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Corps employees take the helm to improve motor boating skills

Nashville District Public Affairs
Published June 25, 2018
(USACE photo by Mark Rankin

Noel Smith, natural resource specialist offers boating advice to Harvey Toby, also a natural resource specialist during a boat safety course on J. Percy Priest Lake June 11, 2018. The class is mandatory to all Corps employees that operate a water vessel.

(USACE photo by Mark Rankin

Noel Smith offers boating advice to Ryan Evan during a boat safety course on J. Percy Priest Lake June 11, 2018 as Harvey Toby looks on. The class is mandatory to all Corps employees that operate a water vessel.

(USACE photo by Mark Rankin)

Gregg Nivens, a park ranger from Dale Hollow Lake instructs Samantha Bedard, a park ranger from Old Hickory Lake on boat maneuvers during a boat course on J. Percy Priest Lake during a boating safety class June 11, 2018.

NASHVILLE, Tenn. (June, 23, 2018 –  U.S. Army Corps of Engineers Nashville District employees attended a four-day Motorboat Operator’s Course. Class participants came from across the district to the J. Percy Lake shop conference room at J. Percy Priest Lake.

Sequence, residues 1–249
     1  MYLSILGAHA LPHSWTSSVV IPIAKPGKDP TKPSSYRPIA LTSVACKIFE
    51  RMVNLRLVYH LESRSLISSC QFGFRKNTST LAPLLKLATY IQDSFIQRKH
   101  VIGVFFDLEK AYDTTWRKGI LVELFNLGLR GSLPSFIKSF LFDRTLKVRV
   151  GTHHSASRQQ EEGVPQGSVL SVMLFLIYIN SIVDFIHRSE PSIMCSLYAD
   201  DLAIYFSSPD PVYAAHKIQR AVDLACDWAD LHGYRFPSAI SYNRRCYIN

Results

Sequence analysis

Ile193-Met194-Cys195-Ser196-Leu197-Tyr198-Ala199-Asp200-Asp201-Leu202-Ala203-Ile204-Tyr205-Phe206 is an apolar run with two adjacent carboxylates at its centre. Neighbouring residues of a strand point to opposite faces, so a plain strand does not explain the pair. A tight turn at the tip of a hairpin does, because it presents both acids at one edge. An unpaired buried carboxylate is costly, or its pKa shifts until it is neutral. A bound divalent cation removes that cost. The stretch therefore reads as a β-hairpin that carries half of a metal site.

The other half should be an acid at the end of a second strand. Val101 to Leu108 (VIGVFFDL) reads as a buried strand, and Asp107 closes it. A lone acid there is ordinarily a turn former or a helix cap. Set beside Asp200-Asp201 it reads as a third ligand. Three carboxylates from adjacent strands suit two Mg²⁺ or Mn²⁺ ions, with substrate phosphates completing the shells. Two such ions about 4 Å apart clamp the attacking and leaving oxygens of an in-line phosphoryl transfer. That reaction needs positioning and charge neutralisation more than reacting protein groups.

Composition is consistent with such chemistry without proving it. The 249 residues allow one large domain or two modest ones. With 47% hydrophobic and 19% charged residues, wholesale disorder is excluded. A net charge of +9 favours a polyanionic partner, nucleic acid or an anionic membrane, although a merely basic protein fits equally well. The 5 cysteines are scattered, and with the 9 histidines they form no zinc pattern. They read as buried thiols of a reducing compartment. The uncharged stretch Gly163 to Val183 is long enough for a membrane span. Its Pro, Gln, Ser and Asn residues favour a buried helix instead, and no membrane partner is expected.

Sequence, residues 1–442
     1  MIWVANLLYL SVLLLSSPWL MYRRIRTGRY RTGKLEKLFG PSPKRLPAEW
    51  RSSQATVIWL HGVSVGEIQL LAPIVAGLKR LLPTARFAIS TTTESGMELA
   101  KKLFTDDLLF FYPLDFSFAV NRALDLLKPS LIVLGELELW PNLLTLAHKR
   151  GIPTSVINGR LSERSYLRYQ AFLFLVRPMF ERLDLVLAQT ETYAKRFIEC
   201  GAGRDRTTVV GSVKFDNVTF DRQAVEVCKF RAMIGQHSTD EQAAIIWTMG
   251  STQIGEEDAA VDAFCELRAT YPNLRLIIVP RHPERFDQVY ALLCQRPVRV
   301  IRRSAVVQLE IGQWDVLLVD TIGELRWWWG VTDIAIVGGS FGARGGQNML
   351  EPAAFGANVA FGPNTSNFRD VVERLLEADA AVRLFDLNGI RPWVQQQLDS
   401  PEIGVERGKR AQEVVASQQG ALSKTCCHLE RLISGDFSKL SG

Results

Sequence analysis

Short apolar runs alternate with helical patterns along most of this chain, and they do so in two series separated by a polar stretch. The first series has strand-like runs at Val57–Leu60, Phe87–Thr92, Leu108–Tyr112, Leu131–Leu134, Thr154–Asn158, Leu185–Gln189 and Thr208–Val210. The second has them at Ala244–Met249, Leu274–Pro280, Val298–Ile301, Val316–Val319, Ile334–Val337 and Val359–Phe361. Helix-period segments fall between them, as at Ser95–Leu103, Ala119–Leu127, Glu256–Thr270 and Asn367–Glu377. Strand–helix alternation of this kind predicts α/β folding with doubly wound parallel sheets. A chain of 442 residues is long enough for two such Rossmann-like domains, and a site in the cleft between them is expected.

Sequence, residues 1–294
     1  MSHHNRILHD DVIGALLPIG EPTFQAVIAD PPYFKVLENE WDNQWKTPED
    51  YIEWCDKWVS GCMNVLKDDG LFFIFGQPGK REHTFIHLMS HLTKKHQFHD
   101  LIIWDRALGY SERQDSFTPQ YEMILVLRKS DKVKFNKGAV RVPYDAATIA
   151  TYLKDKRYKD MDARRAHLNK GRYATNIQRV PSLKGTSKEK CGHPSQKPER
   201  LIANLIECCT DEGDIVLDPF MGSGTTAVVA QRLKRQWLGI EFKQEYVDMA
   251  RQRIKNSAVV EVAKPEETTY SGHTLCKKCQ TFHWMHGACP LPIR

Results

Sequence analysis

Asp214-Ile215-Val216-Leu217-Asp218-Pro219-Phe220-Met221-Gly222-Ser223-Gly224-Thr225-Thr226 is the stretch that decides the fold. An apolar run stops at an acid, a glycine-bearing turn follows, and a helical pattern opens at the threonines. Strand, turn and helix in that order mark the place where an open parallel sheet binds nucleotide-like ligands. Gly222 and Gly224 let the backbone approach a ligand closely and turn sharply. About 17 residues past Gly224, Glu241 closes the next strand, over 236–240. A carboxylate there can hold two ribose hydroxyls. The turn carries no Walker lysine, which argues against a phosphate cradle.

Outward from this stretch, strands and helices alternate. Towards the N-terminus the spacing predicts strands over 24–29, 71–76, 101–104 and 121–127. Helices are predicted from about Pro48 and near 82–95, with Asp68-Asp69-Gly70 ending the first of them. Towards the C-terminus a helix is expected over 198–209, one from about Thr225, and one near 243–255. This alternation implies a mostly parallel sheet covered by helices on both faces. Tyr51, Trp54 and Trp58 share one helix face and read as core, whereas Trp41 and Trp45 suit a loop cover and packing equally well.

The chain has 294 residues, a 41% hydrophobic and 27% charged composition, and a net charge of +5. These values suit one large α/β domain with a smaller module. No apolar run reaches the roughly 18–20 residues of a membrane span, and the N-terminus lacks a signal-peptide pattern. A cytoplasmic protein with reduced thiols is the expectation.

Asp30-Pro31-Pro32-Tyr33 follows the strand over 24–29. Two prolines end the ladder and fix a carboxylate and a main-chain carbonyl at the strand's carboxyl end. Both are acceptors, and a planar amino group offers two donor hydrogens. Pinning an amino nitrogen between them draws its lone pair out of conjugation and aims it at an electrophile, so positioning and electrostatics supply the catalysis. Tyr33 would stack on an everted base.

Brian Mangrum, natural resource specialist and course training coordinator said the course was a requirement for all employees throughout the district that operate Corps vessels the knowledge and skills required to operate Corps vessels safely.

 “This motor boat operator course is important because it is a great opportunity for us to teach and provide to all corps employees that require a motor boat operator’s license,” said Mangrum.

Mangrum said a group of 12 employees shared classroom and boat time on J. Percy Priest Lake. Topics included: Navigation; fire safety; boating rules and regulations; trailer maintenance, unloading and loading. The group also participated in practical exercises, water safety group exercises and practiced hands-on field exercises and maneuvering a boat through an obstacle course. 

The course is set up in two sections. Section One covers equipment requirements, rules, regulations, laws, emergency procedures, water safety and boat orientation.  Section Two, aids to navigation, course familiarization, serpentine course, transitional course, evasive maneuvering, open water docking and launching and loading.

According to Mangrum, multiple rangers and instructors from area lakes provided classroom and water training in boat operation, patrol basics, water safety and group activities.  The instruction included: boat patrol basics, understanding floatation devices, hypothermia.  

“This is the best opportunity we have to provide training and have several of these courses during the summer,” said Mangrum.”

He said throughout the year, park rangers have extensive work schedules providing patrol, water safety on area lakes and attending various educational opportunities with the boating public.   Park rangers also educate children by presenting water safety demonstrations at public schools and by passing out water safety information at the swim beach.